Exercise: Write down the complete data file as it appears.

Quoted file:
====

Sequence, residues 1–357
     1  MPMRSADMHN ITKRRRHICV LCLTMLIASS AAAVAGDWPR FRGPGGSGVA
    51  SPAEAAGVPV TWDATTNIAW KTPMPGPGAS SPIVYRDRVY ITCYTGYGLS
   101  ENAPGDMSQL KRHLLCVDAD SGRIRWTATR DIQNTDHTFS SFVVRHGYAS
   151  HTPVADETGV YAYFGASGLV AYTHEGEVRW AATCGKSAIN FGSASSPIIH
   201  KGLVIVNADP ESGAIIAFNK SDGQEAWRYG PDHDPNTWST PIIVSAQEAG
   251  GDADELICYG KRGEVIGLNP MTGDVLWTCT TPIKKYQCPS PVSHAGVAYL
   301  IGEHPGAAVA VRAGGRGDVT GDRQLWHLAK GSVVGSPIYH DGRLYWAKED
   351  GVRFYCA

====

Sequence, residues 1–357
     1  MPMRSADMHN ITKRRRHICV LCLTMLIASS AAAVAGDWPR FRGPGGSGVA
    51  SPAEAAGVPV TWDATTNIAW KTPMPGPGAS SPIVYRDRVY ITCYTGYGLS
   101  ENAPGDMSQL KRHLLCVDAD SGRIRWTATR DIQNTDHTFS SFVVRHGYAS
   151  HTPVADETGV YAYFGASGLV AYTHEGEVRW AATCGKSAIN FGSASSPIIH
   201  KGLVIVNADP ESGAIIAFNK SDGQEAWRYG PDHDPNTWST PIIVSAQEAG
   251  GDADELICYG KRGEVIGLNP MTGDVLWTCT TPIKKYQCPS PVSHAGVAYL
   301  IGEHPGAAVA VRAGGRGDVT GDRQLWHLAK GSVVGSPIYH DGRLYWAKED
   351  GVRFYCA